Yes, and I will continue to rejoice, for I know that through your prayers and God’s provision of the Spirit of Jesus Christ what has happened to me will turn out for my deliverance. I eagerly expect and hope that I will in no way be ashamed, but will have sufficient courage so that now as always Christ will be exalted in my body, whether by life or by death.
Paul is in prison . . .
And Paul is rejoicing.
How can this be? If there is one place I cannot imagine rejoicing, it would be prison. Paul has so deeply and thoroughly surrendered his life to Jesus that though he is completely vulnerable to the schemes of men, he is totally invincible. You cannot kill the one who has already died. In this way, Paul blazes the trail that will be followed by every saint to follow who is worth their salt. He knows the secret to life—which is to die before you die. His ambitions and aspirations are dead and buried. Now his life can be consumed by a holy passion. Soon we will hear his mission statement: “To live is Christ and to die is gain” (v. 21).
How does one get to such a place? Paul gives us a hint:
I know that through your prayers and God’s provision of the Spirit of Jesus Christ what has happened to me will turn out for my deliverance.
Sometimes when people say they are praying for you it means one thing, and other times it means something altogether different. If I’m honest, I easily fall into a working definition of prayer that locates me in the place of an intermediary. My prayers center on my care and concern for others and bringing this care and concern before God in the form of a request on their behalf. It’s why when I (and I suspect many of you) say, “I’m praying for you,” or “I’ll pray for you,” it means I care and am concerned about you and I will mention that to God. It’s a sentiment that goes about as deep as my own commitment to you. Prayer becomes about me passing on your need to God to stand with you and resolve your situation.
An intermediary serves as a link between one person and another. I don’t think this is how Paul understands the Philippian believers’ prayers for him.
There is a better way. The New Testament does not conceive of prayer as the work of an intermediary but as that of an intercessor. An intercessor actually intervenes and gets involved. An intermediary sees their task as asking God to stand with you. An intercessor understands their work as standing with God for you. When I stand with God for you, I begin to share in the burden of the love God has for you. I’m not just passing on a request as the middleman. When I intercede for you, my concern for you becomes infused with God’s concern for you. I cease to be moved by my own best efforts. I no longer understand my own best efforts as some kind of strategy to get God to do something.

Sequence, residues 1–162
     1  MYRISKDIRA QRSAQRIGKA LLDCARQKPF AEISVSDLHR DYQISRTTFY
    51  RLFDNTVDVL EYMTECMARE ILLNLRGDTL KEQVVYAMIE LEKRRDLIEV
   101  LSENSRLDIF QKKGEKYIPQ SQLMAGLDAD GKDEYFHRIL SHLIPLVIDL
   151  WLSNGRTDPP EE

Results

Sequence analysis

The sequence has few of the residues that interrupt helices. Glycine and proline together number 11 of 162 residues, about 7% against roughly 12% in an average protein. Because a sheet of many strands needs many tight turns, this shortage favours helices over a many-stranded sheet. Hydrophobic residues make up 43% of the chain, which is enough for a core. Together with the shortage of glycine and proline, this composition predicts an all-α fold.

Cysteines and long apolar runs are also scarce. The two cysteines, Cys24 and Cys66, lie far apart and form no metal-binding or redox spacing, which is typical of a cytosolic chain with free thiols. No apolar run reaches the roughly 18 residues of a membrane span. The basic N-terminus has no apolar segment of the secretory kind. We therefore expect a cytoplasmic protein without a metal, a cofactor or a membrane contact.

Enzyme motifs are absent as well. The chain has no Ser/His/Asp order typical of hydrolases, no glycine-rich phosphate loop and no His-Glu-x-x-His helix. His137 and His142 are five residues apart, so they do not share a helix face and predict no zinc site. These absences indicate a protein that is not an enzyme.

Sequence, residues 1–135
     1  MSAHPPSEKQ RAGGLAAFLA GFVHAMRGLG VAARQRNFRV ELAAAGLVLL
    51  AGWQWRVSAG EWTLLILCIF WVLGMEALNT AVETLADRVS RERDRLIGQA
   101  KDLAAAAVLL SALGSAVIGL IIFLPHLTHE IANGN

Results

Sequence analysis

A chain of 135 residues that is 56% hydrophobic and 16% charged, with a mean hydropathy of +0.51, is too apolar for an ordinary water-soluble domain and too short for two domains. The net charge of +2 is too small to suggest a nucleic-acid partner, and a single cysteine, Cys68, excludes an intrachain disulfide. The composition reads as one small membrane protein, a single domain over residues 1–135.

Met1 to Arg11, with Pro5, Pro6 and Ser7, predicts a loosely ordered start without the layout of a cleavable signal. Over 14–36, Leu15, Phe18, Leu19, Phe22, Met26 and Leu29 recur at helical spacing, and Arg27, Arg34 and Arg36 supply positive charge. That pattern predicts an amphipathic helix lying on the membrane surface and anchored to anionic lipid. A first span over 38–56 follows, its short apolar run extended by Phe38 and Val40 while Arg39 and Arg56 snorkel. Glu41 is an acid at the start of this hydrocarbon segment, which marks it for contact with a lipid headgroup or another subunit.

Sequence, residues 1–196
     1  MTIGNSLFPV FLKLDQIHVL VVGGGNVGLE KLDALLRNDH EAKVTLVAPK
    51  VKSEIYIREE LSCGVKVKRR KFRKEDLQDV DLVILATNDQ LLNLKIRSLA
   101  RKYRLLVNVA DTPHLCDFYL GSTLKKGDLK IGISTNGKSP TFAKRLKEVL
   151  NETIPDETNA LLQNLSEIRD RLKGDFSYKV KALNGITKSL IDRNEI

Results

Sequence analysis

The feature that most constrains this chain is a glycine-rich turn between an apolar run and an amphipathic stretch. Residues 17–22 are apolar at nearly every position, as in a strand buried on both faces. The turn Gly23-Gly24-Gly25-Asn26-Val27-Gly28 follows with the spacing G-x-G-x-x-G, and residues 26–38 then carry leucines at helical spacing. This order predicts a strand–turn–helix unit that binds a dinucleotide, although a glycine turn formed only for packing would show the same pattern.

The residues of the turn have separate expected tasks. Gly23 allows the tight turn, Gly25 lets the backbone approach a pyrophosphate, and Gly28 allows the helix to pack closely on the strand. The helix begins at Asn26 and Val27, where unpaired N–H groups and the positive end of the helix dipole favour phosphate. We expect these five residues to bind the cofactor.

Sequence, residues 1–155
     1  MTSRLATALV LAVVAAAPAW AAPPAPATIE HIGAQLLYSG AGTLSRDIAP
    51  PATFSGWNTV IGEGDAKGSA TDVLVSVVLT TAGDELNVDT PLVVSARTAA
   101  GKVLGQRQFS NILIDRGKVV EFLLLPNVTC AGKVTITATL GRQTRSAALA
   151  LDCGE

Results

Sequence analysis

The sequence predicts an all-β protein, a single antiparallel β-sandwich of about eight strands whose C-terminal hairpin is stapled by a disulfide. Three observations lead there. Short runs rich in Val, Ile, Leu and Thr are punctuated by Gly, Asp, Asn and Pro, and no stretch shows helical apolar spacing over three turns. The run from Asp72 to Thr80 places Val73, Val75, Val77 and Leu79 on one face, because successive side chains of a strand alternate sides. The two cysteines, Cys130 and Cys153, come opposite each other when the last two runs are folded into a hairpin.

When I intercede, I open my will and my willingness to God in a way that wills the Holy Spirit–power-filled love of God into your life and situation. This is not about prayer changing me and me changing things. I do not become the answer to my own prayer. No, the intercessor enters into a mysterious way of participation with God in the process and in the answering. Intercession leads to the release of the power of God (which is love) in the world to work in new ways and to open up new possibilities that did not exist before.
This is why Paul counts so much on the prayers of the little Philippian church. Through the person and power of the Holy Spirit, they stand with God for Paul, and, as a consequence, despite their physical distance, they stand with Paul for the gospel.
This is why Paul always references his praying as a kind of travail. He speaks of it on one occasion as being in the pains of childbirth (Gal. 4:19). This is why down through the ages the saints speak of prayer not as preparation for the work but as the work itself.
Abba Father, we thank you for your Son, Jesus, who is our Great Intercessor and who calls us to share in this work with him for the sake of the whole world. Would you lead me in this way of prayer? I confess I hardly grasp it, but I believe. I am tired of casual prayer. I want to participate in this greater work. Come, Holy Spirit. In Jesus’ name we pray, amen.
- What do you think of this difference between an intermediary and an intercessor? Make sense? Where are you in that?
- Are you willing (or willing to be made willing) to become an intercessor in prayer? It’s not something you can just decide and do; you must ask God to do it in and through you.
- Do you see the difference between your good-natured care and concern for another person and the burden of God’s love for them?
For the Awakening,